Foreign buyers can pay the new tax, try fight or avoid it, or buy outside B.C. (Photo: Reuters)
On Monday, the British Columbia government introduced a brand new tax in an attempt to cool the overheated Vancouver housing market. The tax takes effect on August 2, 2016 and adds a whopping 15 per cent on the price tag of a home or condominium for a buyer who is not a permanent resident or citizen of Canada.
The way the new legislation works is that if a foreign investor wants to buy real estate for $5 million, the new tax will add $750,000 to the property transfer tax expense for the buyer.
That’s a pretty steep price to pay to own real estate in Vancouver and its unclear how foreign buyers will react to the new tax.
What could foreign buyers do?
Foreign buyers have a few choices: they can pay the new tax, they can try to fight or avoid the new tax, or they can buy outside of British Columbia.
Those investors for whom a few hundred thousand in taxes is not a big deal likely won’t bat much of an eye at the tax.
Foreign buyers could also try to legally challenge the new tax but it’s questionable whether that would succeed. Canadian courts have a high-regard for government created laws and as long as there is a good policy reason for introducing such legislation, they will usually uphold it.
Some foreign investors may try to find a loophole around the tax. Buyers could still purchase real estate in without paying the tax by buying property through a corporation that is domestically controlled.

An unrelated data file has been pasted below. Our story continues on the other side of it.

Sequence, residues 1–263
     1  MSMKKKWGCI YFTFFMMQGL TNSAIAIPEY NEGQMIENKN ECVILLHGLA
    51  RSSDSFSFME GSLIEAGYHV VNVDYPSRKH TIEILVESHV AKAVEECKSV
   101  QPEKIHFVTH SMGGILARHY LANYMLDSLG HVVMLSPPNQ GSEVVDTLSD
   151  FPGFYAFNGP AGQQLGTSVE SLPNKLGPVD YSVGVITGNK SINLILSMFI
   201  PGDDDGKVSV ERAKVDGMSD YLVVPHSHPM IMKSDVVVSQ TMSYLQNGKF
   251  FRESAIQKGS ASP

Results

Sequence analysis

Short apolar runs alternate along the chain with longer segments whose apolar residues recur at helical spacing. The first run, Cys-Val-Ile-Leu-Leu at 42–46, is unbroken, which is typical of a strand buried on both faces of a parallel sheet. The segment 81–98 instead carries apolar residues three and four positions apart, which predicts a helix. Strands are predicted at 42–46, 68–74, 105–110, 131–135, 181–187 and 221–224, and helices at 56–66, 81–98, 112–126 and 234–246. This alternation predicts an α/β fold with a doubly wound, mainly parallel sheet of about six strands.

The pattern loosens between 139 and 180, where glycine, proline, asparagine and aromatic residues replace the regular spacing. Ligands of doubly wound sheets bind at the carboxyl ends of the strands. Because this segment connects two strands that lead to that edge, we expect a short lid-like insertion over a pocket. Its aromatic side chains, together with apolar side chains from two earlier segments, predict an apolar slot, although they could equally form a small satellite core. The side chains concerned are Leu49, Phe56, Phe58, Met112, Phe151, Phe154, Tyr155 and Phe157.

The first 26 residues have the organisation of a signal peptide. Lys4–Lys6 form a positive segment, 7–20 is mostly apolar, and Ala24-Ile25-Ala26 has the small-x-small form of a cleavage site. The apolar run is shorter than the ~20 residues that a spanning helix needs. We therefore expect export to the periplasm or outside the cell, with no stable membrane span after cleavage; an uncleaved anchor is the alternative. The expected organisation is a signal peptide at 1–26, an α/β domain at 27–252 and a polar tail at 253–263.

However, foreign buyers should be aware that if they structure their home purchase to avoid the new tax, that could have serious consequences, resulting in a fine of up to $100,000 for the foreign buyer, up to $200,000 for the foreign corporation, or up to two years in prison.
In a bid to avoid the tax, foreign buyers could decide to invest in the Toronto housing market instead but they may have to hurry, because Ontario is also eyeing a similar tax as Toronto has almost as hot a housing market as Vancouver.
If Ontario introduces such a tax, it’s likely then that foreign buyers will look at other housing markets in Canada, such as Calgary and Montreal, the latter of which has an oversupply of condominiums and would likely be ripe for the plucking for foreign investors.